Transportation Accidents – Construction projects may require large and heavy vehicles, such as concrete mixers, bulldozers, and excavators. Poor maintenance and lack of training can lead to vehicle-related accidents.
Electrocution – Exposed wires and electrically charged metal objects can electrocute and cause significant injury to workers. The current that passes through the body can destroy muscles, nerves, and tissues.
Fires or Explosions – Gas lines, pipes, and explosive or flammable materials on construction sites can increase the likelihood of an explosion or fire occurring. Companies should take steps to minimize these risks and protect workers.
Caught-in and Caught-between Accidents –These accidents happen when workers become lodged or stuck in between heavy and immovable objects. These incidents often involve structures that are still a work in progress and heavy machinery.
Causes of Construction Accidents
Construction jobs are unique, as they take place in different environments depending on the nature of the project. Nevertheless, many construction worker accidents occur due to these leading causes:
- Failure to follow safety rules and regulations
- Failure to recognize an unsafe condition either before the job begins or after the commencement of the project
- Proceeding with construction work despite knowing an unsafe environment
- Insufficient skill or training of the crew
While workers should exercise caution when doing their job, companies should identify preventive measures to keep unwanted construction accidents to a minimum.
Workers’ Compensation for Construction Accident Victims
If you are a construction employee who suffers an injury on the job, you likely qualify for workers’ compensation. Illinois law requires most employers to provide workers’ compensation coverage to their employees. The only exceptions to this requirement extend to limited liability corporations, business partnerships, corporate officers, and sole proprietors.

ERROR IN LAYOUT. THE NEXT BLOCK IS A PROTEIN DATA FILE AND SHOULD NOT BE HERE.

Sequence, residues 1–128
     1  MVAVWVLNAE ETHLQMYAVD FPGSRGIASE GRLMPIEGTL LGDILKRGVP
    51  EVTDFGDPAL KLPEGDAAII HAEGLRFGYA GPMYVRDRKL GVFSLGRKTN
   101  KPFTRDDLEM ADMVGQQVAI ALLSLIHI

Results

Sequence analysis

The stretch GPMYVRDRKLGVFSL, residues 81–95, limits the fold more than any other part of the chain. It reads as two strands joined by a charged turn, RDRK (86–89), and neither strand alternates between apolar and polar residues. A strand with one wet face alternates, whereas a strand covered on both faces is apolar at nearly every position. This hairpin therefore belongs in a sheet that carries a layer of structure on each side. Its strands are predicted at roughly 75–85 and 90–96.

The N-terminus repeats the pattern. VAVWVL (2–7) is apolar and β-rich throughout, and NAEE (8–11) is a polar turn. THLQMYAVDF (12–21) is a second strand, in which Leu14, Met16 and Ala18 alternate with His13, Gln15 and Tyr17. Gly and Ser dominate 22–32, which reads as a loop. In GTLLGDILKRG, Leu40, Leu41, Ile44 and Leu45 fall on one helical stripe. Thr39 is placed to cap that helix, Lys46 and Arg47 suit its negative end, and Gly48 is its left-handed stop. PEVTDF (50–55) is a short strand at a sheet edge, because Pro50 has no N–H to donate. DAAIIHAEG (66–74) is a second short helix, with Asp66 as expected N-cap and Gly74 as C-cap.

Through a workers’ compensation claim, you are eligible to recover compensation for the medical expenses, lost wages, and loss of job opportunities you may experience due to your accident. However, you will need to prove that the accident occurred at work and did not involve any of the following circumstances:
- Self-inflicted injuries, including fights that you may have started
- Injuries that occur while violating company policy
- Injuries that occur while committing a serious crime
To file a claim, you must report your injury to your employer within 45 days of the accident. You will also need to seek immediate medical attention from an authorized healthcare provider. Once your employer receives notice of your injury, he or she must file a report with his or her workers’ compensation insurer. The insurer will then decide whether to approve or deny your award—and if you receive a full or partial denial of your claim, you can submit an appeal.